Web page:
Protein booster may lead to shots of DNA.

Position:Vaccination - Brief article

Scientists have discovered a new way to manipulate how cells function, a finding that might help advance an experimental approach to improving public health: DNA vaccines, which could be more efficient, less expensive, and easier to store than traditional vaccines.

This approach improves upon an existing laboratory technique, transfection, widely used to study how cells and viruses work. Jaquelin Dudley, professor of molecular biosciences at the University of Texas, Austin, and her team have developed a method for boosting the amounts of certain proteins a host cell produces when genes are delivered by transfection. Coaxing cells to produce novel proteins, such as those associated with viruses, is a key feature of DNA vaccines. Dudley's method causes cells to produce novel proteins at levels five to 20 times as high as with previous methods.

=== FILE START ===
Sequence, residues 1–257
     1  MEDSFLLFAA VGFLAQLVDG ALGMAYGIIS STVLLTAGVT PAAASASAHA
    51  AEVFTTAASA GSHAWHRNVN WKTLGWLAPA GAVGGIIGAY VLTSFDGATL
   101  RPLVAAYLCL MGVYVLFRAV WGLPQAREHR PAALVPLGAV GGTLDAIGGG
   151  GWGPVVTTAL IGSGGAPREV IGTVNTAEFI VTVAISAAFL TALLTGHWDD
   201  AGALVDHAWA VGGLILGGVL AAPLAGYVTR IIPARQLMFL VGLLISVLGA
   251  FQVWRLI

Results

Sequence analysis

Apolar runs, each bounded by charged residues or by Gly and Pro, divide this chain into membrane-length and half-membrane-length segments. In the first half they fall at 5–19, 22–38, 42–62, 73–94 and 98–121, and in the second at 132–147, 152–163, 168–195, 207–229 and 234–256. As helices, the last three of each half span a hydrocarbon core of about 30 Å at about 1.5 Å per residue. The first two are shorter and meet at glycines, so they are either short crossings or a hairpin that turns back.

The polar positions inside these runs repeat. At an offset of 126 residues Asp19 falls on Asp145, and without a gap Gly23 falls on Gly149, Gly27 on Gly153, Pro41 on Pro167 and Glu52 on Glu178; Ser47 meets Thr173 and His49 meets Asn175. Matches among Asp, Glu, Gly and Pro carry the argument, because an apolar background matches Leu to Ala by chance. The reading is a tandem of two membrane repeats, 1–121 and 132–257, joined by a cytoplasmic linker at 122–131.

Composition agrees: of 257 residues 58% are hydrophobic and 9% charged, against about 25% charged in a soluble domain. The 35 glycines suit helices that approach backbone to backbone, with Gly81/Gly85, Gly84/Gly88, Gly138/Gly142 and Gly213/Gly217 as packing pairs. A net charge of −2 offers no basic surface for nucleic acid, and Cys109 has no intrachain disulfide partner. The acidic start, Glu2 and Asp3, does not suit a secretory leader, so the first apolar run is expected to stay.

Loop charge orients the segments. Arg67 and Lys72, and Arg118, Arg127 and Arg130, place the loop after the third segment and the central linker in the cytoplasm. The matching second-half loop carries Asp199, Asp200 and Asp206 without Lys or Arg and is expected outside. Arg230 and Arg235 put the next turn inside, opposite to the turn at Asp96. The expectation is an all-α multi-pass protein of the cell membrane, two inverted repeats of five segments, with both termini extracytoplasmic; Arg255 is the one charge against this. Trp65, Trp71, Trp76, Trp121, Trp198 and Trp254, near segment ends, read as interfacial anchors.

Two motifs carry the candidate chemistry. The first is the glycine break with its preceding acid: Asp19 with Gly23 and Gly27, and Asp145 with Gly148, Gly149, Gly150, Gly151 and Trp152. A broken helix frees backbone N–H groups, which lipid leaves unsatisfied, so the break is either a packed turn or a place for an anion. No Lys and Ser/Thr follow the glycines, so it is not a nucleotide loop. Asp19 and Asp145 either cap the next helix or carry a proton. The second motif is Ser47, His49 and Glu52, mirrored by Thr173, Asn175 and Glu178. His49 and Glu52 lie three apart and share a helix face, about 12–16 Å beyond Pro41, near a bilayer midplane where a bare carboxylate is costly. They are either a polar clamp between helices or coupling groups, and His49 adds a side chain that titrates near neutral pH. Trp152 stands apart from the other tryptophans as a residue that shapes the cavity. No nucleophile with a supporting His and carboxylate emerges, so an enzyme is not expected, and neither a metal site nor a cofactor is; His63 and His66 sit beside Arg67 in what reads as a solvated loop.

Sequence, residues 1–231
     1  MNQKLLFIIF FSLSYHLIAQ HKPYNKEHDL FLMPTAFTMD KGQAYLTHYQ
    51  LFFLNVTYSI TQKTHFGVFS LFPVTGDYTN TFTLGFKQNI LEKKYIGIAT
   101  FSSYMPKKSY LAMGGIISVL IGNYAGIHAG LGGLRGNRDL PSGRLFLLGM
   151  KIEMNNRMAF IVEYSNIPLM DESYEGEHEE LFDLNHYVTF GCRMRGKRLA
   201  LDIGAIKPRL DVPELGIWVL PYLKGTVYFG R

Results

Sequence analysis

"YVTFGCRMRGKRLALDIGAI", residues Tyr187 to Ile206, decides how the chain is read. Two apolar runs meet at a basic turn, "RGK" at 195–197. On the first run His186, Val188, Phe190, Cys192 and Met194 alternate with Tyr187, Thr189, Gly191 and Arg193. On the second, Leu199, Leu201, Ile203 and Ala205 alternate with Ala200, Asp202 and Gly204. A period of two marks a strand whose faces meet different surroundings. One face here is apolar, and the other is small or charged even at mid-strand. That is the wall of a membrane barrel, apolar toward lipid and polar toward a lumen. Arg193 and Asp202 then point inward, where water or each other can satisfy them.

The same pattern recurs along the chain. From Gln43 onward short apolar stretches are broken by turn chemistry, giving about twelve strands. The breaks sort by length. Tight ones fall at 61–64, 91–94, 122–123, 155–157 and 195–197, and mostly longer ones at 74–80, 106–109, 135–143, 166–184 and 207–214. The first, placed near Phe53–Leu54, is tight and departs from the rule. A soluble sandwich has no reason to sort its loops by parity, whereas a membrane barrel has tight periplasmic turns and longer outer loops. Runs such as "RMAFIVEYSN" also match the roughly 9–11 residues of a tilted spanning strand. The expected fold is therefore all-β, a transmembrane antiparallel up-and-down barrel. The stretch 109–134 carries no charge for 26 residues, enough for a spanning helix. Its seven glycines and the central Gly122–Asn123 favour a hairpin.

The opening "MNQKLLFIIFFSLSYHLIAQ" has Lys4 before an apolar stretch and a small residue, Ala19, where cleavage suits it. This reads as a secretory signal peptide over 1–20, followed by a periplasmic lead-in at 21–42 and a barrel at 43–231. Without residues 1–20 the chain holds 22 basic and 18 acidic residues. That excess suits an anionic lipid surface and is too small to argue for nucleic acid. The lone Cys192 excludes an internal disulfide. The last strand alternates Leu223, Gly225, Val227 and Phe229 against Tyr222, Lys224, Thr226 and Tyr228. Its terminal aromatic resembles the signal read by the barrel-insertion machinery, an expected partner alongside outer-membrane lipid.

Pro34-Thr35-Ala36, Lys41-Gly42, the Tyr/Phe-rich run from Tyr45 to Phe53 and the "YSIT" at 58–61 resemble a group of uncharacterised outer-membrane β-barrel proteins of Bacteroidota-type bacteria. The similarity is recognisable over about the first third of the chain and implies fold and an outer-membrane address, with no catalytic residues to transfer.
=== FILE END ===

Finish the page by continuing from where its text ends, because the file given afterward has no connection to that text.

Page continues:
The researchers suggest that their finding might lead to better DNA vaccines, a relatively new method of vaccination that health specialists say would increase vaccination rates, especially in the developing world. Whereas traditional vaccines train the body to attack viruses by introducing weakened forms of the virus, a DNA vaccine works differently, using a bit of DNA...

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